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illustration. Particularly in respect to the plagues in Egypt, it does not appear that
any writer has observed that correspondence which seems to subsist between the offence and the punishment, as well as between the people and their customs. It will afford me great satisfaction if this correspondence should appear universally obvious and precise, and founded in truth. As what I here present to the public is a small part of a large collection, I may possibly, if I live, venture to produce other observations upon similar subjects, and of a like tendency. For my chief labour has been, ever since I have had opportunities of reading, observing, and forming an unbiassed opinion, to do honour to the religion which I profess, and to authenticate the Scriptures upon which it is founded.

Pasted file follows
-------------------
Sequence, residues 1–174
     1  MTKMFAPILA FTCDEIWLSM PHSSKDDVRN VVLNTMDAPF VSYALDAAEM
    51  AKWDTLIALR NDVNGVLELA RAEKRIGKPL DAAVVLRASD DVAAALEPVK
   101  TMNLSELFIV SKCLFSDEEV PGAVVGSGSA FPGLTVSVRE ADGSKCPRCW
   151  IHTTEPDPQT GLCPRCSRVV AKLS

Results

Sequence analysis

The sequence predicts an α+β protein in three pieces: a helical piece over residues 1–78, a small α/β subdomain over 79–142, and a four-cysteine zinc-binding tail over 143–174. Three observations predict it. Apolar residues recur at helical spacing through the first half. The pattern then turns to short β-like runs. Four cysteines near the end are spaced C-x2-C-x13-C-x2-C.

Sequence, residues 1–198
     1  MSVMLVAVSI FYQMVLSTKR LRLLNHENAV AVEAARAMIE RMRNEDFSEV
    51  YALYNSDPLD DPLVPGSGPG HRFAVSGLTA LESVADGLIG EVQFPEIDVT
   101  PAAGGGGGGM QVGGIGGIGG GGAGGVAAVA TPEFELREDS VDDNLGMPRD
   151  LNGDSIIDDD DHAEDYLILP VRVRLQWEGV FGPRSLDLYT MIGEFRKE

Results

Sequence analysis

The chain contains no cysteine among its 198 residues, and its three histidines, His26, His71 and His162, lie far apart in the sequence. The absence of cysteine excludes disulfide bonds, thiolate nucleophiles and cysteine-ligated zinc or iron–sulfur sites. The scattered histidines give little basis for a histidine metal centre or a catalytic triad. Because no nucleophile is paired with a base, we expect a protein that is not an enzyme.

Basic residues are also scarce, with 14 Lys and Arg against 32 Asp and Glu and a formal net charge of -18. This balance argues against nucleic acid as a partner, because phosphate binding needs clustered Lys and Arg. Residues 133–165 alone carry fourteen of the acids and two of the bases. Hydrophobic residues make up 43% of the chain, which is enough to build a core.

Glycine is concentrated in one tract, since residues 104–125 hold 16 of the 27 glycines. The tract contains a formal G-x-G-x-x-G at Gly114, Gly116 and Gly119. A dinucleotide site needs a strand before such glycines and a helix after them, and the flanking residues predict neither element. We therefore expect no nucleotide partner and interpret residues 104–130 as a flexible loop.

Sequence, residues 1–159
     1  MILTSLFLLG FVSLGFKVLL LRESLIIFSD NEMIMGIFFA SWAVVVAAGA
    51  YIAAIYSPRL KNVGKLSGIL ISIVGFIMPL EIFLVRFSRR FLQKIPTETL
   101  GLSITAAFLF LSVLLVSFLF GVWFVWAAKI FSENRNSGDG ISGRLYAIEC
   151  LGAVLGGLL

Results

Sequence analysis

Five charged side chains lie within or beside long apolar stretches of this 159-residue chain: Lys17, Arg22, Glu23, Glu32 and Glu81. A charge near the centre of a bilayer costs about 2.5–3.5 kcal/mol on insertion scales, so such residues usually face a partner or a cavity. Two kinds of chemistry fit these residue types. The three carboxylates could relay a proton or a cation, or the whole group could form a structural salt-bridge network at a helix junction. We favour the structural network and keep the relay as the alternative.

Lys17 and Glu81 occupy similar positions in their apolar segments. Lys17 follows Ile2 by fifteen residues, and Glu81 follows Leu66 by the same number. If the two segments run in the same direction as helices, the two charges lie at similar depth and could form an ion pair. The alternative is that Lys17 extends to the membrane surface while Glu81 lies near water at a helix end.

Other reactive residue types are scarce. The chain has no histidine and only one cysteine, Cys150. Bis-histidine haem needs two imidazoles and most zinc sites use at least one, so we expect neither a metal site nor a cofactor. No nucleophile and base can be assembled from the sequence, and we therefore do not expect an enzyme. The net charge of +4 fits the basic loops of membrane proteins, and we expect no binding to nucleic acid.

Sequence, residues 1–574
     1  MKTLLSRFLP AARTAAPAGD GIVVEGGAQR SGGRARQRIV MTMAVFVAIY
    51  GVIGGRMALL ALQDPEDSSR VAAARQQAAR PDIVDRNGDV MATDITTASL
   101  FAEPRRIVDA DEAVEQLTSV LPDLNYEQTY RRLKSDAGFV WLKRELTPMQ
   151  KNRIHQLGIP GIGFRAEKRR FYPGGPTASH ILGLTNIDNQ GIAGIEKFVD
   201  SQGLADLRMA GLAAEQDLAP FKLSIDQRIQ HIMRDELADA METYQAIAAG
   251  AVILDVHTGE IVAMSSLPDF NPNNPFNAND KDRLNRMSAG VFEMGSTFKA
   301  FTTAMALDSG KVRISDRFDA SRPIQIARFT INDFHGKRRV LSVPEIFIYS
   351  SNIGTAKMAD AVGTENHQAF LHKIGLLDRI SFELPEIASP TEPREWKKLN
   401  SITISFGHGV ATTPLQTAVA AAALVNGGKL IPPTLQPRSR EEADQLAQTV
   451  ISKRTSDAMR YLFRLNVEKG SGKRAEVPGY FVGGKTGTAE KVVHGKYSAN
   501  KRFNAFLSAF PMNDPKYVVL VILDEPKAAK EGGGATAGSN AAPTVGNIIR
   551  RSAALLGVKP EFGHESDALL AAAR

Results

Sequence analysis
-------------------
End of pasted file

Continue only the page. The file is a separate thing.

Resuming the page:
The Peculiarity of the Punishment by this Plague 21
PART FOURTH.A morato
JOURNIES OF Mons. MONCONYS AND OF DR Pocock.